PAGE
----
A barefoot boy of about six walks up to me with his hand held out in the Kolkata train station. He brings his hand to his mouth several times, in case the open hand wasn’t clear enough. I’m not looking directly at him, but I can tell from a few quick glances that his clothes and hair are filthy.
The woman sitting next to me—I’m sitting on a piece of newspaper on the floor, like almost everyone who’s seated in the train station—makes a “psshhht!” noise at the boy and waves her hand at him, the way you would shoo off a misbehaving cat.
I’m eating an apple, but I have a couple of those premade samosas that I bought from the Delhi supermarket in my backpack. I pull them out and hand the plastic baggie to the boy.
He looks at it for maybe two seconds. I am surprised to see that he not only fails to look grateful, but he actually looks indifferent or even distressed. He points to the apple and makes a whining sound.
“Are you kidding me right now?” I say to him. “I just gave you food, kid. Come on. I need this.” And I do. I’ve been short in the fresh fruits and vegetables department and I just invested a lot of time in cleaning this apple. “I need the fiber, kid. No way.”
“Apple, apple,” he whines. I shake my head.
The woman next to me says something in Bengali—I think she’s mad I gave him any food at all—and tries to shoo him away even more loudly. But the kid just stands and points at my apple. A small crowd is gathering. “Apple, khana, khana!” the boy whines. It means “food.”
“I just GAVE you khana!” I say, pointing at the baggie. “Khana, there!”
“BAH!” he shouts at me, then sprints off. I shake my head, saying to no one in particular, “How do you say, ‘You ungrateful little shit’ in Hindi?”
At the train station in New Jalpaiguri, the transport hub just south of Darjeeling, I’m just sitting down to eat my dinner when a barefoot boy of about seven walks up to me and holds out his hand.
I’m about to go to Kolkata and an American friend, Anne, has told me about a volunteer opportunity there with Mother Teresa’s motherhouses, homes set up for the destitute, the dying, and the handicapped (both mentally and physically). My Lonely Planet’s paragraph about the motherhouses says that the nuns strongly discourage people from giving to beggars, because it encourages them to continue to beg rather than seek more sustainable help from institutions like theirs.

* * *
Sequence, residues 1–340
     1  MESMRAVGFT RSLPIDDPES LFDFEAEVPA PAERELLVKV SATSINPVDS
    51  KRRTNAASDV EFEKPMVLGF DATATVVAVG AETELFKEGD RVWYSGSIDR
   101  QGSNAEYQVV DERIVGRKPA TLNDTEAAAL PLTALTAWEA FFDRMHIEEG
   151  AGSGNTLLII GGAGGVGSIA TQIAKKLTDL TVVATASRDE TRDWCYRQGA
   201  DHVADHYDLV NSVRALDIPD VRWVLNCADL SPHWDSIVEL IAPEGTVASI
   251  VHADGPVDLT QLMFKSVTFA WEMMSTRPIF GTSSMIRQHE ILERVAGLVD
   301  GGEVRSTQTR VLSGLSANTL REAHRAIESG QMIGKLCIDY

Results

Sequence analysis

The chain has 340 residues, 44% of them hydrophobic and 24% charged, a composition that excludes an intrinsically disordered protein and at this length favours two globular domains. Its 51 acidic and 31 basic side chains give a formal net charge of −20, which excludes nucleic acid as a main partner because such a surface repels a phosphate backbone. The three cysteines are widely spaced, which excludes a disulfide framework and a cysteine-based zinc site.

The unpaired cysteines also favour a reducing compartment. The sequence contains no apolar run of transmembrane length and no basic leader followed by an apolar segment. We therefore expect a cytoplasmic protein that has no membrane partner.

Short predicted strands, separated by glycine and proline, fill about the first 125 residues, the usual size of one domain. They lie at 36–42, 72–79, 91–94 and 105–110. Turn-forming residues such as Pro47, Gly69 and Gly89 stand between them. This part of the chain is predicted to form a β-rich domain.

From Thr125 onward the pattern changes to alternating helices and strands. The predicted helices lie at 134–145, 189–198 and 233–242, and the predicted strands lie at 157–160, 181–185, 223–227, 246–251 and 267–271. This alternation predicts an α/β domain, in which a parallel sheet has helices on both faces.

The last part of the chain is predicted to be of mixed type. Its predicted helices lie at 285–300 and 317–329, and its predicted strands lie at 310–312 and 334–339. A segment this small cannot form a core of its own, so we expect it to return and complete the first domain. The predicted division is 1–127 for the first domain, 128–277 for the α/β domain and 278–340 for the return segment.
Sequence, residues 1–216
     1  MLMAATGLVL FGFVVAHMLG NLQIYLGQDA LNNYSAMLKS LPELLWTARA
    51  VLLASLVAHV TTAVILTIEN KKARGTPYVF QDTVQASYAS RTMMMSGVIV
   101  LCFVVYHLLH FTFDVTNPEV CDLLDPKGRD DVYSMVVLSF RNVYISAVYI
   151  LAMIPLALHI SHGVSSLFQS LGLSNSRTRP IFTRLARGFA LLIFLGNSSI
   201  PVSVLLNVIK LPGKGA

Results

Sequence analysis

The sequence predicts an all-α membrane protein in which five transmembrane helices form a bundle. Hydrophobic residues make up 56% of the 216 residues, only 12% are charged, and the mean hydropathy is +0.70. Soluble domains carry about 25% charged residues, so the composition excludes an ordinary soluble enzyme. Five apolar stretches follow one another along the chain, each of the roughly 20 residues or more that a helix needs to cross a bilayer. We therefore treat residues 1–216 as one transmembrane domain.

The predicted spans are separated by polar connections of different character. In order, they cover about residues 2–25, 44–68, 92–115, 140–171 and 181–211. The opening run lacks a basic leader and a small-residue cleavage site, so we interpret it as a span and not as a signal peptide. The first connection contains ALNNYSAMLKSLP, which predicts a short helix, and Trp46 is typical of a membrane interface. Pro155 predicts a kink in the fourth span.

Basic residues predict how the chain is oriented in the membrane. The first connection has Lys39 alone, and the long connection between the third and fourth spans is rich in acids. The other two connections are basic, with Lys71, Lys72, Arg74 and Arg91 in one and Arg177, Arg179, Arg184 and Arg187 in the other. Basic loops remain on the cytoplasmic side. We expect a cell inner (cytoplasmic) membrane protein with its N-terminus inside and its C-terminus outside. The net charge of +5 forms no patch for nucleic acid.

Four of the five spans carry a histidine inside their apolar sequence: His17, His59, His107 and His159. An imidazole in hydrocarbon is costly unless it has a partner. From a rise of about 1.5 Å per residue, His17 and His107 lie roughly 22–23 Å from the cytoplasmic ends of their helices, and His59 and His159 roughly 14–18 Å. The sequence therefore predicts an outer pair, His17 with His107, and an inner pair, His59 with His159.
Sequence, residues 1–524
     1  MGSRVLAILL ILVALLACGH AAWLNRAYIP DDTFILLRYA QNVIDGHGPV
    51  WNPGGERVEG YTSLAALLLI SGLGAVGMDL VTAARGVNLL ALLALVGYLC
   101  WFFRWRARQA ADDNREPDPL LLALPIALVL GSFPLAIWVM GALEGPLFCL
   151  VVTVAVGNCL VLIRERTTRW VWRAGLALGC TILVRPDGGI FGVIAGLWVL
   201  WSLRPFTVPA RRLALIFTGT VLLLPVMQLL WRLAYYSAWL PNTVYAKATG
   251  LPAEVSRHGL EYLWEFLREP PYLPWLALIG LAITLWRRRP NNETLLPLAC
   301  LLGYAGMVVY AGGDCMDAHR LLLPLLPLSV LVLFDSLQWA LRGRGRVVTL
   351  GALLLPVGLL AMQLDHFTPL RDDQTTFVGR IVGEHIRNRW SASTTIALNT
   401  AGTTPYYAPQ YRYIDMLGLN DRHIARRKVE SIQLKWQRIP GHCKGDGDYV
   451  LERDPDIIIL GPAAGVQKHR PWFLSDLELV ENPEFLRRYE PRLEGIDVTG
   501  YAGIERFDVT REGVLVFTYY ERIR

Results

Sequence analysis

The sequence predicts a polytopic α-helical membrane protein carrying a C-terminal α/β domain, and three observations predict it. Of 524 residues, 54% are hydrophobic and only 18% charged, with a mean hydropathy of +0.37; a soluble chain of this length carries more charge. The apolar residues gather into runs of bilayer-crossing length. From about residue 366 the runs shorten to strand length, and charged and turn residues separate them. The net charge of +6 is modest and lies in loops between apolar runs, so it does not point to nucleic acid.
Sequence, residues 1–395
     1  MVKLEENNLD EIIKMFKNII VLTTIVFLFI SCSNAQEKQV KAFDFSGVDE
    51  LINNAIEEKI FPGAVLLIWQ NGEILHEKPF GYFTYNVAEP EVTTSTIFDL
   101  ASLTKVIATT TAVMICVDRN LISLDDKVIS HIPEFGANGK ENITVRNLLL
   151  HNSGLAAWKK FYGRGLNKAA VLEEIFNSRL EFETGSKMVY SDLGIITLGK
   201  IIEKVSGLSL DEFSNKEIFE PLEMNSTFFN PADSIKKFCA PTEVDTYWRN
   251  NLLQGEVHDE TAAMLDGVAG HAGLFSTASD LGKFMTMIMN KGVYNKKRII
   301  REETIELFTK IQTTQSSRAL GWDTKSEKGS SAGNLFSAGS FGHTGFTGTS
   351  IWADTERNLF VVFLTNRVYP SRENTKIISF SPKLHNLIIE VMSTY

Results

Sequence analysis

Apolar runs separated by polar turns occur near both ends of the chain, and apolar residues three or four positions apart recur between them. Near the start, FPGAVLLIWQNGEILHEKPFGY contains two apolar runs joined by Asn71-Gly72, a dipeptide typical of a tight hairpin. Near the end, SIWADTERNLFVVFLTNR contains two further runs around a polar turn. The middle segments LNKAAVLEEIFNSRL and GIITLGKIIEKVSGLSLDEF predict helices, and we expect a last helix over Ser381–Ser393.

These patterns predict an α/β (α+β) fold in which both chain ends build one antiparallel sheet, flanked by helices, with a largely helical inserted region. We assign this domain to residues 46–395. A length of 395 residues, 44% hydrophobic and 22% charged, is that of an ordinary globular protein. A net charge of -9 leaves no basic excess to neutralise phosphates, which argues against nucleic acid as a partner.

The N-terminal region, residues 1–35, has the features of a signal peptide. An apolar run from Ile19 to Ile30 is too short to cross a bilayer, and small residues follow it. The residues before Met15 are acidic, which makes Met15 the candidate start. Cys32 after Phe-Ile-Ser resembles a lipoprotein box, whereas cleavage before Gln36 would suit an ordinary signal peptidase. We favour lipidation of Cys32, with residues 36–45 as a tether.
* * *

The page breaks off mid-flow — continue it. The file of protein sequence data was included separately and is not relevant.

I’ve been giving away some rupees here and there to beggars, but since I’m about to go to Kolkata, I’m thinking of this bit from the Lonely Planet and I think, Right, don’t encourage him. I unwrap the first part of my dinner, an omelet made fresh at a food stand downstairs. It’s still very hot. It’s been cooked in lots of oil. It’s delicious.
The kid holds out his hand. I ignore him. He stands there, getting jostled as porters and men with briefcases push past. I continue eating my omelet. He pushes his hand closer, so it’s almost in my face. I shake my head. The omelet has chilis. I crunch down on one and pant from the resulting heat.
The kid holds out his hand.
I ignore him.
I finish my omelet and unwrap a samosa. The kid moves on to a teenager standing next to me. The teenager ignores him for a minute, then hands the kid a cookie from a package he’s holding.
The samosa is surprisingly hot. I take a bite. The inside is a beautiful deep brown. It’s richly spiced but not too hot. Excellent for train station food.
The kid walks past me and tries a trio of men leaning on the railing across from me. One doesn’t look up from his cellphone. Another tries his pockets for change, finds nothing, resumes talking to his friend. The teenager finishes the cookies and drops the wrapper on the ground.
The kid disappears down the stairs to the platform for a while. I eat the samosa slowly, reading snippets of an article printed on the newspaper my food was wrapped in. I’m almost finished with the samosa when the kid comes back. He just holds his hand out. I haven’t even looked at him.
“Go to school, kid,” I say to him (to myself). “That will do you much better than this.”
He waits. I finish the samosa and take a long drink of water. He pushes his hand in front of me. I unwrap my ladoo, a sugary orange dessert. I start eating the ladoo. Not terrible.
The kid walks away.
I package all the wrappings from my dinner up into a small plastic bag. I watch the kid disappear down the stairs. I suddenly feel very bad.
I realize I have an apple in my backpack. I pull it out. I’ll give it to the kid if he comes back, I tell myself.
But the kid doesn’t come back. I stand up and look for him. He’s descended to the platform, where he walks onto the train tracks, even though there are overpasses he could easily use to cross them. He kicks at some trash along one of the rails. He scampers up onto the platform on the other side and saunters along it. I can see from here how dirty his clothes are. When he comes to a leaky pipe, he stops beneath it and rinses his hands in the drip for a moment before sauntering on.
I think about calling to him and tossing the apple down, except I would probably miss and then there would just be an exploded apple on the platform. He crosses under my overpass and I look for him on the other side, but I can’t find him.
The disgust I feel when I see Indians (or Americans) ignoring each other’s suffering — that’s the disgust I feel for myself right then.
I sit back down on my backpack and look at the bag of newspaper pieces where my dinner was. The teenager’s cookie wrapper is still on the ground. I think about getting it, but then a train comes and a hundred people hurry past, stepping on it, and then it blows out of reach.
I realize I am crying. It would have been so easy to have given the kid the apple. It would have been so easy.